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Monday 12 April notes from meeting at the USA Embassy.

By Jonathan Christiansen

On Monday 12 April Amirul Amin and myself met with outgoing Political Officer /Human Rights Officer) David Arulanantham, and his incoming replacement, Forrest Graham.

The meeting began with introductions. We then discussed the human rights mission of the office and further discussed the 2009 Bangladesh human rights report that the office had recently released. David told us it could be found on the State.gov website.

Amin explained that he had met with the previous officer Mr. Gupta on several occasions. He explained that many of the past struggles in the EPZS involved the NGWF including the YEOWMON (?) (Korean owned garment Factory) struggle. He further explained that the US has a major influence on the Bangladesh government. He stated that the Bangladesh min. Wage is 1,662 taka per month, which is appallingly low (about US $24 a month).

Amin then went on to explain problems with current labor law in BD and problems with enforcement. Including:

  • despite the fact that Bangladesh ratified the ILO convention in 1987 and ’98, without any reason employers can fire workers, even organizers and union leaders once a union is formed.
  • Factories can move without any notice or repercussions.
  • He explained that workers often have little recourse in the law because they are working without papers (under the table).
  • many women aren’t getting maternity leave.
  • Many factories that claim to have child care centers are inadequate or non-existent leaving women workers with no options for childcare.

Amin then went on to explain that working conditions are unsafe and that according to their own statistics since 1990 472 workers have died in factory fires and that several fires have occurred without casualties (In Februaray of this year 21 workers died in a fire).

After the rundown on labor law, enforcement and work safety problems Amin pointed out that in 2007 the US cut off trade preferences for Bangladesh. This means that Bangladeshi imports are being more heavily taxed than they were before so business has fallen in the Bangladesh garment industry leading to closed factories and more worker hardship. Forrest was aware of this (by this point David had gone to a prior engagement) and seemed somewhat concerned. He mentioned that several congresspersons (Including my rep. from Mass.) recently visited BD and that was the main concern they heard from all quarters. Forrest did not say anything about this policy being changed, but he did seem aware.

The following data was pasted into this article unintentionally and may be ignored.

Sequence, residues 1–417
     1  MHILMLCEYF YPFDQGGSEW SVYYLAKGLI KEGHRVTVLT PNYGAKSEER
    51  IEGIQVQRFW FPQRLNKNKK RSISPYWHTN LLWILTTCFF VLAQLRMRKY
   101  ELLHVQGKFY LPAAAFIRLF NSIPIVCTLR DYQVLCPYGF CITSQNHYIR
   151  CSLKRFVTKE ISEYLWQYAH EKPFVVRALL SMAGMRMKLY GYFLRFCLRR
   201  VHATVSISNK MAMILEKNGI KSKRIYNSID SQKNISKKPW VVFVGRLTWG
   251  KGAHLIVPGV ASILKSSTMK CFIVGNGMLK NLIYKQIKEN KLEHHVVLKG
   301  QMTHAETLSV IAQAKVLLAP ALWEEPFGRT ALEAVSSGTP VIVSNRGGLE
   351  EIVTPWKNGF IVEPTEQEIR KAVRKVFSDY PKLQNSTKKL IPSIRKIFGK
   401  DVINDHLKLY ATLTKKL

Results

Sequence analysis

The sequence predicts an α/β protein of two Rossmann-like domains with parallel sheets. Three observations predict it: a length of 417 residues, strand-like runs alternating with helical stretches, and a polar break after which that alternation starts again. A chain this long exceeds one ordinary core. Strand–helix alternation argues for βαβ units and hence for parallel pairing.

After this Amin pointed out that 29 members of the Bangladesh parliament are garment factory owners and another 70 have interests related to the garment industry so this is a powerful interest group in BD. As a result of this the NGWF is constantly under harassment. They are continually receiving threats from political parties, and security forces.

After this discussion Forrest asked what we expected of him. We explained that The US government has a lot of power and influence in Bangladesh and can make recommendations to change labor laws and make sure they are being enforced. Amin also pointed out that they can intervene or speak out when there are crises.

Forrest then pointed out to us that the US department of Labor is encouraging Bangladesh to pass a “Better Work Agreement,” which, he said, would update labor laws ( I think these have been implemented elsewhere in Southeast Asia). He asked Amin if he thought the BD government would sign and Amin replied that ‘they should.’

Forrest then asked if the NGWF works with any other US organizations besides the IWW specifically whether or not they work with the Solidarity Center.

Amin explained that they no longer have an official relationship because they had a falling out because the SC recommended that BD be dropped from trade preferences without consulting the NGWF. Although they do not have an official relationship Amin regularly talks with their lawyer especially. Amin also explained that the NGWF receives support from ILRF, WRC, and UNITE-HERE. After questioning about their relationship with the ILO Amin explained that they (ILO) tend to work with multi-sector international unions.

I asked Forrest what his office could do/does and if we needed the office to speak out when we find human rights abuses whether or not he would and how.

He explained that they do not have much power, but that they can apply pressure through different ministries and discuss and highlight certain things – as he put it “name and shame” mostly with their reports. They can also make recommendations to the labor dept., congress, trade rep., etc.

The meeting ended with Amin giving reports that the NGWF had compiled over the last three years to Forrest as well as some NGWF campaign posters. Forrest thanked him and pointed out that they love receiving reports like this because that is usually how they compile their own information for their reports. He asked that we would share any other Human rights related reports with him. He also asked that we help share info about the State Depts. human rights reports.